Rural Missouri - June 2012 - (Page 4)
C O M M E NT S
“Devoted to the rural way of life”
June 2012 Volume 64 / Number 6 Jim McCarty, editor firstname.lastname@example.org Jason Jenkins, managing editor email@example.com Heather Berry, associate editor firstname.lastname@example.org Kyle Spradley, field editor email@example.com Megan Schibi, editorial assistant firstname.lastname@example.org Mary Davis, production manager email@example.com Angie Jones Dusty Weter Co-op page designers
USPS 473-000 ISSN 0164-8578
Copyright 2012, Association of Missouri Electric Cooperatives. Call for reprint rights. Rural Missouri is published monthly by the Association of Missouri Electric Cooperatives. Barry Hart, executive vice president. Individual subscription rate: $9 per year or $21 for three years, taxes and postage included. Group rate for members of participating RECs $3.99, taxes and postage included. Delivery as specified by subscriber. If not specified, delivery will be by periodical class mail at subscriber’s expense. Periodical Class postage paid at Jefferson City, MO, and additional mailing offices.
photo by Heather Berry
Barry Hart, right, CEO of the Association of Missouri Electric Cooperatives, introduces Eric Bohl and Adam Kingree from Rep. Vicky Hartzler’s staff during the NRECA Grassroots Summit and Legislative Conference. While legislators were not in Washington, D.C., during the event, the group shared issues ranging from Rural Utilities Service funding to coal ash legislation with their staff.
A grassroots army
Summit helps revive passion for rural electrification
hey were born in politics — and they will die in politics without eternal vigilance in the political arena. The pioneers of the rural electrification movement knew those words to be true. From the moment President Franklin Roosevelt signed his famous Executive Order No. 7037 creating the Rural Electrification Administration, the electric cooperatives that would follow found themselves forced to pay close attention to what was happening in both the state and U.S. capitals. That included the subsequent fight for passage of the Norris-Rayburn Act, which gave REA the funds it needed for loans that would pay for the first power lines in rural areas. The bill passed by one vote, and it might be noted that Sen. George Norris and Rep. Sam Rayburn came from different political parties. From that day forward, electric cooperatives had to fight for their lives in the political arena against powerful foes. If there was one thing that distinguished those early leaders, it was their passion for the program. Should an unwary politician rattle their cage, an army of managers, directors, employees and members would descend on the capital in force. An annual rite of spring became the Legislative Conference, hosted this year from April 30 to May 3 by the National Rural Electric Cooperative Association, which has brought thousands of rural electric leaders to Washington, D.C., over the years to make sure elected officials understood the electric cooperative position on issues. This year’s conference, held for the first time in 40 years at a time when legislators were not in session, focused on rebuilding the passion that was a trademark of the rural electric pioneers.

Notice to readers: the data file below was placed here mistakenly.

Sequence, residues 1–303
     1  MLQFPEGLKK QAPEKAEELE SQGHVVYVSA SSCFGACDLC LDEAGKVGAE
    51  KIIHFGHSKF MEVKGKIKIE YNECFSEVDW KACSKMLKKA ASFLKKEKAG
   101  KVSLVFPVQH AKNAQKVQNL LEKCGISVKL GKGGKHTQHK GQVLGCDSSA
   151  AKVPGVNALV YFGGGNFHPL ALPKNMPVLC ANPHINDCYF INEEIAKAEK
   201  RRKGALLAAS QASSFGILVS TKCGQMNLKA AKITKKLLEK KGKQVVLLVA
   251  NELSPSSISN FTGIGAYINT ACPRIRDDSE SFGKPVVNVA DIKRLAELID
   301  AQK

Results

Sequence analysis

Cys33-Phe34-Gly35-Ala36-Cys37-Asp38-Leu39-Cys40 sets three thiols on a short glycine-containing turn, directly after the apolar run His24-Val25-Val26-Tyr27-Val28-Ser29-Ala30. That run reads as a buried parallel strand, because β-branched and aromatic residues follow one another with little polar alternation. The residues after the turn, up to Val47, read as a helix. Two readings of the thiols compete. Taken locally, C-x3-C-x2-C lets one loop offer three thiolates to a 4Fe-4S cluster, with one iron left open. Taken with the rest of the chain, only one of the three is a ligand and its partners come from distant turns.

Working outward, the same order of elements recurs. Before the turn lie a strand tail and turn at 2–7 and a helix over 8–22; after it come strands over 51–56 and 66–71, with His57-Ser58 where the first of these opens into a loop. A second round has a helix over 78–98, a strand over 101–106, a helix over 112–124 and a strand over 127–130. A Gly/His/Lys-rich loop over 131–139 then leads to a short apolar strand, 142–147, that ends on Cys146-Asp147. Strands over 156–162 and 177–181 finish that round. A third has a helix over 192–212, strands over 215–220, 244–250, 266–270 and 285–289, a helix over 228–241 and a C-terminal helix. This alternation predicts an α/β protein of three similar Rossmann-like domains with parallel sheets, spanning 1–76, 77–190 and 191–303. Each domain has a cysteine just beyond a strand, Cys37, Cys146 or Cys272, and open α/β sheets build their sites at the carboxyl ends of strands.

Billed as a “Grassroots Summit,” those who attended were told by NRECA’s legislative team that they can make a huge difference in four key areas. • The future of power marketing agencies: Electric cooperatives are concerned that a plan by the Department of Energy would move these agencies, which market power from federal hydropower projects, away from their role of providing low-cost hyrdropower at a time when this clean energy is vitally needed. • Coal ash regulation: NRECA opposes designation of coal ash as a hazardous waste by the U.S. Environmental Protection Agency. Research at the University of Missouri has led to valuable uses for coal ash in roads and building materials. • Rural Utilities Service funding: RUS, today’s name for REA, continues to loan money so electric co-ops can upgrade lines to ensure reliable service. Missouri’s delegation used the summit to thank legislators who signed a letter of support on strong RUS funding in 2013. Besides meeting with staff members from Missouri’s congressional delegation, those attending learned how to use new tools such as social networking to build a successful grassroots program. Whenever these ideas are discussed, Missouri is often used as an example of how to do things right. Many thanks to members who are part of the Association of Missouri Electric Cooperatives’ Grassroots Team. Whether they are needed in Jefferson City or Washington, D.C., they always step up to ensure electric cooperatives remain strong. We will be presenting our new grassroots plan to electric cooperative members in the future and hope you will consider getting involved.
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Table of Contents for the Digital Edition of Rural Missouri - June 2012
Rural Missouri - June 2012
Table of Contents
The power of purple
The little town that could
Out of the Way Eats
Missouri snapshots contest
Stocked with adventure
Hearth and Home
Rural Missouri - June 2012